I’ll add that while carrying the larger full-frame camera is worth the extra bother (and size and bulk) for me, many photographers will be very well served by a good crop sensor camera, particularly one of the smaller ones like the Canon “Digital Rebel” series or current versions of such cameras from other manufacturers. Frankly, unless you regularly make prints in the 20″ x 30″ range a good crop sensor camera is capable of producing excellent results, especially if you use a tripod, fine lenses, and careful technique. (If you don’t use a tripod and all the rest, the odds that you’ll get photographs that will stand up to such large print sizes diminish greatly, no matter what format you shoot.) Not only are these cameras potentially lighter and smaller, but equivalent lenses can also be smaller and lighter, too. There have been times when I wished for a digital version of one of the old high-end rangefinder cameras with a couple small lenses. (Here I originally wrote: “I still hope that we’ll eventually see a high quality, affordable APS-C sensor rangefinder camera with either a good zoom or a few good primes. Along these lines, some of the newer fourth-thirds system cameras could be a great option for many back-country photographers, though I have no personal experience with them yet.” Update: My hopes are being answered by the developers of new and quite fine “mirrorless” cameras using the 4/thirds or APS-C sensor formats. The Fujifilm X-E1 and X-E2 Digital Cameras now seems to more or less provide the light, high quality rangefinder camera that I mention here. For many backpackers this could be a really great choice. I have this camera, though I have yet to use it on the trail.)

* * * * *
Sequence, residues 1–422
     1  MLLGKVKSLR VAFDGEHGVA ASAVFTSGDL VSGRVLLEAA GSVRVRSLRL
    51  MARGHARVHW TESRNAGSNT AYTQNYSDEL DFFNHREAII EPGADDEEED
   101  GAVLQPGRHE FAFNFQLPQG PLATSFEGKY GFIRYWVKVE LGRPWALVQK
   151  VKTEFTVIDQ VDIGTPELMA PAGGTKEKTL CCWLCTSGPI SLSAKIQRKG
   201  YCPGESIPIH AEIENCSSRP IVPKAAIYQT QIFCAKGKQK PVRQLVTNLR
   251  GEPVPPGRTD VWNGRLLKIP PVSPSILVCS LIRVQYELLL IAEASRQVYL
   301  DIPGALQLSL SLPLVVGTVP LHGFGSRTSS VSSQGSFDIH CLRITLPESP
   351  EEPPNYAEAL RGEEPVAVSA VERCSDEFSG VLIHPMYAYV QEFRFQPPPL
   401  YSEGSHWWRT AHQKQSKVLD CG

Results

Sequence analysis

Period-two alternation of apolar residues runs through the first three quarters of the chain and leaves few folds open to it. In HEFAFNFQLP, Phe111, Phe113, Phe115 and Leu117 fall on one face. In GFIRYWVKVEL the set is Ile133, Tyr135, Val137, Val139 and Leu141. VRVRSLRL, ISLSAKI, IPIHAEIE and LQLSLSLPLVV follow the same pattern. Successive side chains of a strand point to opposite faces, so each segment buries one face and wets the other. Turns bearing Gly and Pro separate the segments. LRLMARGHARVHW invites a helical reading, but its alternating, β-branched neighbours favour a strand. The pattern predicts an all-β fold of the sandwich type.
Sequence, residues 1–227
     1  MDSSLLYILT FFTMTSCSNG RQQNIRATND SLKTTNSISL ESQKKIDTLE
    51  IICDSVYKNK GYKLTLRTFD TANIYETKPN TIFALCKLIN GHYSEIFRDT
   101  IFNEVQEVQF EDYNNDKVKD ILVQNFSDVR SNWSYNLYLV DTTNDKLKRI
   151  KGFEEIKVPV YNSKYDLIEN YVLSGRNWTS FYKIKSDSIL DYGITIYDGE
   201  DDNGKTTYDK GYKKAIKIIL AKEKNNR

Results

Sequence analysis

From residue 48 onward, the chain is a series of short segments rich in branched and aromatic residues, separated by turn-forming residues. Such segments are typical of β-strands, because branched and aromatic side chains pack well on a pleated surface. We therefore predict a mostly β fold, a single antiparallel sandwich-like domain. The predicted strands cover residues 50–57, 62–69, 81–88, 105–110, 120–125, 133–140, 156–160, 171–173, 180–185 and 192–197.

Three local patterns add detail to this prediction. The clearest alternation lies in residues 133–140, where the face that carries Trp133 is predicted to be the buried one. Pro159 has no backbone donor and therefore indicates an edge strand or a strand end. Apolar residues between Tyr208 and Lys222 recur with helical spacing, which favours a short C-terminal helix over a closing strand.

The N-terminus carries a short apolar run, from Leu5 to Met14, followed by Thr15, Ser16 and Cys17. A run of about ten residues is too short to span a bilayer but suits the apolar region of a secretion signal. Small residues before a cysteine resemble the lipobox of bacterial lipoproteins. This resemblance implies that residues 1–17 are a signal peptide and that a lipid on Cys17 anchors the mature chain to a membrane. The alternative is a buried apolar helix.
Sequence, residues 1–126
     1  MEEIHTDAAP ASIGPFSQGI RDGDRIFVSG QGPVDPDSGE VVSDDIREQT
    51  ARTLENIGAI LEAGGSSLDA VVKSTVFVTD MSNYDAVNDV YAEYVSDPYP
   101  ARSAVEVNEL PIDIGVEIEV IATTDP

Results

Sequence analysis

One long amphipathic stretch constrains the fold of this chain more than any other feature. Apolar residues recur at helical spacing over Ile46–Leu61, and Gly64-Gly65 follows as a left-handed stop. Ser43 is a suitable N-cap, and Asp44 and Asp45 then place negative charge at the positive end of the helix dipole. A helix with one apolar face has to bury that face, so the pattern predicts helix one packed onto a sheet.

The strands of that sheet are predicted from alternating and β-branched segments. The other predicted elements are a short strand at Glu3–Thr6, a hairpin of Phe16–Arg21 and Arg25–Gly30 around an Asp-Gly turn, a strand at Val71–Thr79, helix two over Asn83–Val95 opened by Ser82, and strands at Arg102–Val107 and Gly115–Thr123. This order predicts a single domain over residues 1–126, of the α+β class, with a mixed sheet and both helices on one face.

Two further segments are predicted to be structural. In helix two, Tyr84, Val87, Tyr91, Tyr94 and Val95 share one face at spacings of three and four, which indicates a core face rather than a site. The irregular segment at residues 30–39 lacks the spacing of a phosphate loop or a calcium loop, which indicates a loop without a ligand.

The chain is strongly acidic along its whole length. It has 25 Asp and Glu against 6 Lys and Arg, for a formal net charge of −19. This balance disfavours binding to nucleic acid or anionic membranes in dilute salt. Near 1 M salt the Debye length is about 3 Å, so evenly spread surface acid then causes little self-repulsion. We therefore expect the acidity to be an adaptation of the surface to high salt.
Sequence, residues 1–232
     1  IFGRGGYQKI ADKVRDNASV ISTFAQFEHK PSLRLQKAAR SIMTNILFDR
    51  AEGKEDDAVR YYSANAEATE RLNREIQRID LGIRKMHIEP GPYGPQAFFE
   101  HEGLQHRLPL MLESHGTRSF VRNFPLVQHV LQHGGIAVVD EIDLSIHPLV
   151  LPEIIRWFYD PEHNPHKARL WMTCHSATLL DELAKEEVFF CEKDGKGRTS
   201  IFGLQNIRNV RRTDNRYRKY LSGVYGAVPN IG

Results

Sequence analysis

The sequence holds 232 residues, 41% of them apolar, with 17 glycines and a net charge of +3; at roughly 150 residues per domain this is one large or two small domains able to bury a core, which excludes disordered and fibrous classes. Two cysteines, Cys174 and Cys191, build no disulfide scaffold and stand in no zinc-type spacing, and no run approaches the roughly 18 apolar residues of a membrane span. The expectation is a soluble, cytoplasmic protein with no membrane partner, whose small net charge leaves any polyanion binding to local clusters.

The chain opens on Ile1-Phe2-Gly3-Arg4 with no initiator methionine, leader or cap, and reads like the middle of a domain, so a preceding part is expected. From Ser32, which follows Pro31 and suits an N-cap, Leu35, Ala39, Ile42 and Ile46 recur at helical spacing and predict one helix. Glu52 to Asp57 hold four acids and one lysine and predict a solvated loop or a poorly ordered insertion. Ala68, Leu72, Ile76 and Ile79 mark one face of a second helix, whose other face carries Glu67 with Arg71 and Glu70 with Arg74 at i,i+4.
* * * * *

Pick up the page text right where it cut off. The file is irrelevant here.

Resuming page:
All of this having been said, am I contemplating any significant changes to my backpacking setup? In a word, no. For my purposes this system works very well.
One More Thing
As photographers who are willing to go to great lengths to carry ourselves and our gear into beautiful and wild places in order photograph their beauty, we have a special obligation to protect these wonders and the solitude that surrounds them. We should be careful to minimize our impact on these places, and once there we should treat them with care and respect.